In the end, the war’s outcomes were mostly positive. The fighting ended when Egypt’s President Anwar Sadat agreed to direct military talks with the Israelis. Israel survived, and Arab honor, shattered in 1967, was restored by Egypt’s initially successful attack across the Suez Canal.

Kissinger was able to preserve the essentials of détente while cutting the Soviets out of the ensuing peace negotiations. On the other hand, the Arab oil exporters, led by Saudi Arabia, caused economic chaos by keeping in place the embargo on shipments to the United States imposed because of the U.S. resupply to Israel. And the rival armies still confronted each other along perilous, unstable cease-fire lines.

To extend the fragile cease-fire and stabilize relations between Israel and its Arab neighbors, Kissinger undertook what became his signature mission. Beginning in January 1974, he went to the Middle East 11 times to promote military disengagement agreements that would facilitate a new era of peace negotiations.

The most celebrated of these “shuttle diplomacy” missions was a 34-day marathon that spring in which he visited Jerusalem 16 times and Damascus 15 times. He traveled to six countries as well.

These marathons did not produce any permanent peace agreements during Kissinger’s time in office, but they stabilized a volatile region and established the United States, to the exclusion of the Soviet Union, as the exclusive power broker.

Diplomatic relations between the United States and Egypt, ruptured in 1967, were restored, and when the Saudis agreed to end the oil embargo, the way was open for a celebratory last-hurrah visit to the region by the politically crippled Nixon, soon to be forced out of office by the Watergate crisis.

Kissinger had mixed feelings about Nixon’s downfall. Although he was the architect of Nixon’s greatest triumphs, owed Nixon his fame and served him through the last anguished hours of his doomed presidency, he never really liked Nixon, a solitary personality, suspicious of the Eastern intellectual elite personified by Kissinger. After leaving public life, he sought to distance himself from Nixon’s many failings.

Kissinger’s feelings about Nixon’s personality pervaded his final, bizarre meeting with the president before his resignation, as recounted in Bob Woodward and Carl Bernstein’s book “The Final Days.” Sobbing, the president dropped to his knees to pray and demanded that Kissinger join him; he did, holding the distraught president uncomfortably in his arms.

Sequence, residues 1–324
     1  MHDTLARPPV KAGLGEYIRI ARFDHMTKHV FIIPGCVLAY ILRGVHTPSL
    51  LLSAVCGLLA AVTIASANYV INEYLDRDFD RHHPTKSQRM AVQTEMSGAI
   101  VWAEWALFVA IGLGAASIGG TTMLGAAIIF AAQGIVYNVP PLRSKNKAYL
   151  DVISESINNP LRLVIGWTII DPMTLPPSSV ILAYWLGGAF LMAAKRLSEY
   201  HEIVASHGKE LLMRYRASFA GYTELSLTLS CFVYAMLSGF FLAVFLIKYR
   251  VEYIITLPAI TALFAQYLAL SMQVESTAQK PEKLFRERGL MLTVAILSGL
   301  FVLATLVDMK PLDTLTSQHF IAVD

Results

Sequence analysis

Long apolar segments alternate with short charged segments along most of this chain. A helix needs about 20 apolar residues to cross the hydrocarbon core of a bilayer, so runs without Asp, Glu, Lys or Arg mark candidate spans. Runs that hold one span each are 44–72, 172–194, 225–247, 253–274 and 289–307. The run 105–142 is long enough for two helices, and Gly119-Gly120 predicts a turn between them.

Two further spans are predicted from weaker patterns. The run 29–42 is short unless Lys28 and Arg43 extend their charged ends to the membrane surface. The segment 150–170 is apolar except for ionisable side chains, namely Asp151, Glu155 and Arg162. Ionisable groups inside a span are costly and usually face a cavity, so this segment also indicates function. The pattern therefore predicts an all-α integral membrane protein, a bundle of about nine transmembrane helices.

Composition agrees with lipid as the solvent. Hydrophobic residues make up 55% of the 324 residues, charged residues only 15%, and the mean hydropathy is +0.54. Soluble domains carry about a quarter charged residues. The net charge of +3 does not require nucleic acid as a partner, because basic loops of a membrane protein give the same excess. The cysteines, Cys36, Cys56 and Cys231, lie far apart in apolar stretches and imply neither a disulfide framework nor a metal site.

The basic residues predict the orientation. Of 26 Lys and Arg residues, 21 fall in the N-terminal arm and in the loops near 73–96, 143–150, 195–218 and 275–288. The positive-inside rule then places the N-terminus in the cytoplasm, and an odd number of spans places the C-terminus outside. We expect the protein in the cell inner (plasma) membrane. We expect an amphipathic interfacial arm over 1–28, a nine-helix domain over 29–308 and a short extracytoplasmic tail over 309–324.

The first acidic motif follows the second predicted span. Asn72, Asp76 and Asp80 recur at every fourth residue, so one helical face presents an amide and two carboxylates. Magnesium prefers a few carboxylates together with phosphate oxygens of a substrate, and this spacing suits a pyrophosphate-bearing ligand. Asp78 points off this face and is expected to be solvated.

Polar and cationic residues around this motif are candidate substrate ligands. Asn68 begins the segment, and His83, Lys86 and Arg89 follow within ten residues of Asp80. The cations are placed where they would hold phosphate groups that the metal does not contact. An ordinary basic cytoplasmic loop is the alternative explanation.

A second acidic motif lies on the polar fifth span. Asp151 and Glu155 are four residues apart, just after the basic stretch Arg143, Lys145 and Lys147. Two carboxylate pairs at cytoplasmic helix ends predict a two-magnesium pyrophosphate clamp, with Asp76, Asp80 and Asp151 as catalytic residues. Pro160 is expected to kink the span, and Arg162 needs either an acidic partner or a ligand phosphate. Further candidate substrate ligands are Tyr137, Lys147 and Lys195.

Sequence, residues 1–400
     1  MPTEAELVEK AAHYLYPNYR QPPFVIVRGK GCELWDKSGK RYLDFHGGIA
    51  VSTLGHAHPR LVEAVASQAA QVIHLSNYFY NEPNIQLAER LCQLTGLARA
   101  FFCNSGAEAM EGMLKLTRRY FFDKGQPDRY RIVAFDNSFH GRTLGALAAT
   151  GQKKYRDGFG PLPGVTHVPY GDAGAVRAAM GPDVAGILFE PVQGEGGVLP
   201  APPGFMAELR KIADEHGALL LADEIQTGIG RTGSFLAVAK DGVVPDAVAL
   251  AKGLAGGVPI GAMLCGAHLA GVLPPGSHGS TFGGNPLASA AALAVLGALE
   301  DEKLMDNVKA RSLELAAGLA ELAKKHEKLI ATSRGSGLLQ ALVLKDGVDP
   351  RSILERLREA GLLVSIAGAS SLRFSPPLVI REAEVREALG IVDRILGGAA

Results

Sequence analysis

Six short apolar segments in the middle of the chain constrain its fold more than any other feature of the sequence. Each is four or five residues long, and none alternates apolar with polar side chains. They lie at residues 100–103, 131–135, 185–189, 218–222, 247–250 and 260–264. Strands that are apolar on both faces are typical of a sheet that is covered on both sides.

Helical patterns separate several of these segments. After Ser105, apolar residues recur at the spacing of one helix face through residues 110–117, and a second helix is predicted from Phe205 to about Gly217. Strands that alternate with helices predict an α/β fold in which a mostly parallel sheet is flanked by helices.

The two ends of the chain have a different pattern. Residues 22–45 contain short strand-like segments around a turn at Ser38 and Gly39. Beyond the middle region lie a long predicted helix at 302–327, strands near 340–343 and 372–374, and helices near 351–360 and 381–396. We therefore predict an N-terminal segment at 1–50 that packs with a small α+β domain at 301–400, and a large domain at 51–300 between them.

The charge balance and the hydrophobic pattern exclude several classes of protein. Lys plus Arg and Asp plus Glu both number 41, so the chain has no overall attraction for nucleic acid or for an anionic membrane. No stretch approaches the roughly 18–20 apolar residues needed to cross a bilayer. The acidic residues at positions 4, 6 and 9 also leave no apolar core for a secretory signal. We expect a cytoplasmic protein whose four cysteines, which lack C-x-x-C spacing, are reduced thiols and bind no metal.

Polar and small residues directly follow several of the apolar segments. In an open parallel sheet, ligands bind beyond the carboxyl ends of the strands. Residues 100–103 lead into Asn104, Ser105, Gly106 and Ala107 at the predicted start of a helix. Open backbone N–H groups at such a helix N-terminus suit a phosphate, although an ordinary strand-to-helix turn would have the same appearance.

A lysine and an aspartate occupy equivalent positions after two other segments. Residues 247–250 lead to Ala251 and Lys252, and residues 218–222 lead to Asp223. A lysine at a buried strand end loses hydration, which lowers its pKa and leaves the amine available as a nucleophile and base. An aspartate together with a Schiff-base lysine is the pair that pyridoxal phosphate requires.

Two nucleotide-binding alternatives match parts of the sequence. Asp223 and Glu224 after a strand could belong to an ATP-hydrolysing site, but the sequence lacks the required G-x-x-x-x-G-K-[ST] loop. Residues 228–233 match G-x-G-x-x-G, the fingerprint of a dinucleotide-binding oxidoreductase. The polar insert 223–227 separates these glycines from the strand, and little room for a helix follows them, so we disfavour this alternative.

Nixon resigned on Aug. 9, 1974, and his replacement, former vice president Ford, about a year later would install his own national security team. Ford had had enough of Defense Secretary Schlesinger, whose prickly personality and endless disputes with Kissinger rankled the amiable president. He cleaned house in late October 1975.

He fired Schlesinger, replacing him with his White House chief of staff, Donald H. Rumsfeld. He promoted Rumsfeld’s deputy, Dick Cheney, to chief of staff. At Kissinger’s urging, he ousted William Colby as director of the CIA and brought in George H.W. Bush, then chief U.S. liaison officer to China, to replace him. And he retained Kissinger as secretary of state but removed him as national security adviser, giving that job to Kissinger’s deputy, Scowcroft.

Under Ford, Kissinger’s success rate dwindled. He spent many hours in an unsuccessful effort to complete a second strategic arms agreement with Moscow. He also failed to make further progress on the Middle East peace front; every American interaction with Egypt and Israel became a domestic and foreign policy tinderbox.

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A Jewish pioneer

Before Kissinger, the office of secretary of state was held exclusively by White male Christians. The country’s entire foreign policy, intelligence and defense establishment was nearly devoid of Jews until after World War II.

In the wake of the 1973 Arab-Israeli war, it turned out that Kissinger had opened the door for American Jews to work in an important country from which they had been barred: Saudi Arabia. Until that time, American companies and U.S. government agencies, including the military and the State Department, had complied with Saudi requests that no Jews be assigned there.

But the Saudis could hardly exclude a secretary of state, Jewish or not, and Kissinger went there, in 1974, accompanied by Jewish members of the press corps.

In his memoirs, Kissinger recalled that King Faisal – who loathed Jews and routinely gave important visitors a copy of “The Protocols of the Elders of Zion,” a notorious antisemitic forgery – received him with all the ceremony appropriate for such an important guest.

The welcome included a dinner at the royal palace, during which the king unloaded his standard speech about how Jews and communists were working together to destroy civilization.

Kissinger chose to be amused rather than offended, but either way he had broken a long-standing taboo that had clouded U.S.-Saudi relations for 40 years. After Faisal’s assassination the next year, Jews were allowed into Saudi Arabia in increasing numbers.

Unpleasantness with the Israelis over Kissinger’s efforts to induce them to withdraw from more of Sinai eventually blew over, and a new Sinai disengagement agreement was reached after another round of shuttle diplomacy late that summer. But by then the Ford administration had been tarnished by a much more serious defeat: the fall of Cambodia and South Vietnam to the communists.